I met Bob Costas in 1993, when I interviewed him for a TV sports documentary. I was enormously impressed. He could have filled all six hours and probably should have. It was fun. The insecurity that drove him—he kept asking if he looked all right, if he sounded too sentimental—was endearing.
But two years later, we hit a psychic speed bump. He took strong exception to my coverage, in The New York Times, of Mickey Mantle's death. He would later describe it as "almost churlish." I brought up questions about Mantle's liver transplant at a time that should have been, he said, more purely celebratory. In turn, I questioned his eulogy at Mantle's funeral—over-sentimental, I thought, and perhaps not seemly for someone who considered himself a journalist. We had basic issues. We did not speak again for 14 years, and when we did, more warmly, I think, those issues were still there.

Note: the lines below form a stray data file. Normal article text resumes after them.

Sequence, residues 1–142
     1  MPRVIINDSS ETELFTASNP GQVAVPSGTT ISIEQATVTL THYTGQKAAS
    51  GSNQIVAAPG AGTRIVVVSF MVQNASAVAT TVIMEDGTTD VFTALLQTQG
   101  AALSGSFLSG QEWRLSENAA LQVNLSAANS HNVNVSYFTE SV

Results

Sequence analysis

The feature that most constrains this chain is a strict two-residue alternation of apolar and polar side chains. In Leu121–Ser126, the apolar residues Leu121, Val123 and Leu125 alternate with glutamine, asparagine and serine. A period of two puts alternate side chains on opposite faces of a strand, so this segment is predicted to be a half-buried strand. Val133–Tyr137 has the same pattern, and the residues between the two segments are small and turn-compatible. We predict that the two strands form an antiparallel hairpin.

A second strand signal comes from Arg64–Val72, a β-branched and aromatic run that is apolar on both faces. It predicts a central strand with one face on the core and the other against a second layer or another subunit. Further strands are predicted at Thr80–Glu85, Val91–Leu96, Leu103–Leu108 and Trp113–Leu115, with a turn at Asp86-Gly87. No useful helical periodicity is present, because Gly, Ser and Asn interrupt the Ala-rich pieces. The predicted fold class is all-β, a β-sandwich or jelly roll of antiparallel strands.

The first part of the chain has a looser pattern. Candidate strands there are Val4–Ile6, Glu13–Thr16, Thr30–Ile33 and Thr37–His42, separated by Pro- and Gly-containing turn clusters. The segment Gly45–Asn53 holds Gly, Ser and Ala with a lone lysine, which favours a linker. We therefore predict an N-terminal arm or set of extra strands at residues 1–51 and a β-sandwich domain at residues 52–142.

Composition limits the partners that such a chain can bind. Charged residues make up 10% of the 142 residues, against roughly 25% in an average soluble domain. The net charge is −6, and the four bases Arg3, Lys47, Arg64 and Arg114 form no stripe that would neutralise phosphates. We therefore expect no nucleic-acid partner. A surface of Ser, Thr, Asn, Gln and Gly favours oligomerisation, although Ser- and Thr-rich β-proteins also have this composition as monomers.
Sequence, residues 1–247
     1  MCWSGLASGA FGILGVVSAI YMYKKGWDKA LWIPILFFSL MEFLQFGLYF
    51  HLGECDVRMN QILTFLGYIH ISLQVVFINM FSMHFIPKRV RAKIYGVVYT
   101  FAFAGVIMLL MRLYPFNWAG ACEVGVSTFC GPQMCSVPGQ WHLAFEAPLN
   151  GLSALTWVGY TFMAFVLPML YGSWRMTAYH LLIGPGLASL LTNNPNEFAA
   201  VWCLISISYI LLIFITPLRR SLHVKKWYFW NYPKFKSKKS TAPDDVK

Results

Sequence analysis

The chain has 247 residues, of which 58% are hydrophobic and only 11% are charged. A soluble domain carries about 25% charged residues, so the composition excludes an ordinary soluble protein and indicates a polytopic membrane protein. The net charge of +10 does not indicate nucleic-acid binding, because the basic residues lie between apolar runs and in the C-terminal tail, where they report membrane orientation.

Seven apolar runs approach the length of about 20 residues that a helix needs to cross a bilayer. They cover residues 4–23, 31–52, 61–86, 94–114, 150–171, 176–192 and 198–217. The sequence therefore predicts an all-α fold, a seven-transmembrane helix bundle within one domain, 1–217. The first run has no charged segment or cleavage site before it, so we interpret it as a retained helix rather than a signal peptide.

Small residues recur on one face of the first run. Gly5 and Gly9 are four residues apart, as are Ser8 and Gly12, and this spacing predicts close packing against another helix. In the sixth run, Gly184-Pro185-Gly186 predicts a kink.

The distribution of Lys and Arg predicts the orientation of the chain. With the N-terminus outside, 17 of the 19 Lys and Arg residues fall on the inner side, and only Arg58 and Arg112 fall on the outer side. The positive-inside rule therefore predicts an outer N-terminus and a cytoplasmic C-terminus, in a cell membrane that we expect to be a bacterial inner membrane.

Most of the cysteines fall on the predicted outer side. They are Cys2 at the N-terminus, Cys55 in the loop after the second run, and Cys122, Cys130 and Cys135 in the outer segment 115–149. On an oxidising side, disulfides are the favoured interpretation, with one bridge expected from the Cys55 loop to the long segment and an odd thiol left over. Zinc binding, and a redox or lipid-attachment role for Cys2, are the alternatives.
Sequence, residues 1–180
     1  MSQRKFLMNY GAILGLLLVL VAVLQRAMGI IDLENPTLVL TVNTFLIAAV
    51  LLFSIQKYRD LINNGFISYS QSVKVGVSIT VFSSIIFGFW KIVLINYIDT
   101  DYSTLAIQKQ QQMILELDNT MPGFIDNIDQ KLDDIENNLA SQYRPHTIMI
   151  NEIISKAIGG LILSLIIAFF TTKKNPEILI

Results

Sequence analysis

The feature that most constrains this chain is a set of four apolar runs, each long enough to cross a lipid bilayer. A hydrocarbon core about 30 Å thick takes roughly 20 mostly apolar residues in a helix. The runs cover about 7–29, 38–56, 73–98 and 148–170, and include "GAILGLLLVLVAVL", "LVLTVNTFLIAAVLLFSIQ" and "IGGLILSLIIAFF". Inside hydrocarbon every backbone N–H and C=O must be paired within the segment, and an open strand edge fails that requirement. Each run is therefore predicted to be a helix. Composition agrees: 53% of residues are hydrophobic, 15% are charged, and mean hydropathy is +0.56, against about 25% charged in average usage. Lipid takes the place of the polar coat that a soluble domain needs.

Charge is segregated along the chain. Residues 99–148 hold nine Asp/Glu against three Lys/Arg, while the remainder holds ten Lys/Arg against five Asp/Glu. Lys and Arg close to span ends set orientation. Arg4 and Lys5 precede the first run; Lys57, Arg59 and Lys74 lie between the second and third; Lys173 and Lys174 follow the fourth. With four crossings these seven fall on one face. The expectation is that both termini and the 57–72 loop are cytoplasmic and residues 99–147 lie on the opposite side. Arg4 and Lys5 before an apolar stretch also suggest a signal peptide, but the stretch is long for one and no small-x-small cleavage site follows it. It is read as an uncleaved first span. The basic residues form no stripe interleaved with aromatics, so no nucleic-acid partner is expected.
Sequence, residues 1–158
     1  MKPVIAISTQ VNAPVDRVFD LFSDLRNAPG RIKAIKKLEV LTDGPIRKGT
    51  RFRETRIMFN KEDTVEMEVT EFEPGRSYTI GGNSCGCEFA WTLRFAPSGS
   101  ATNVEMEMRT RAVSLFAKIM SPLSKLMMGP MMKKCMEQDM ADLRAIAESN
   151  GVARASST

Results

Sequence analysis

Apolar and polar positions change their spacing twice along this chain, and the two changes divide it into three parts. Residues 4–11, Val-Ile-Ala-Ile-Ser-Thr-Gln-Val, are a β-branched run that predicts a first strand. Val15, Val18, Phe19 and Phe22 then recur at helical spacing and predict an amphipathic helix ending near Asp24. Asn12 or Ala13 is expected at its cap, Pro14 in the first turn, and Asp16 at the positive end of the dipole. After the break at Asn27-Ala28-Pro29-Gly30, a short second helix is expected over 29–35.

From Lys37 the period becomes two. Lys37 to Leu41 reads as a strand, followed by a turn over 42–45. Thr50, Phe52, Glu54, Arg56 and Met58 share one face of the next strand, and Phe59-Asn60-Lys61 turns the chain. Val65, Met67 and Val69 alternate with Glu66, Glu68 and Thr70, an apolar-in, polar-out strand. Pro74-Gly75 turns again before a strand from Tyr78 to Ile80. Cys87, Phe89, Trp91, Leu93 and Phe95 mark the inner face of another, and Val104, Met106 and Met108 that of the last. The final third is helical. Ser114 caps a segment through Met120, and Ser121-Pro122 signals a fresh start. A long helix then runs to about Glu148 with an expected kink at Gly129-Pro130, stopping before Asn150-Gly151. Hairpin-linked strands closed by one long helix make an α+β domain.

I described those meetings in my new memoir, An Accidental Sportswriter. He took exception, and for the past eight months, since publication, we have been in furious communication, not always disagreeably. We both agree, for example, that Roger Maris should be in the Hall of Fame.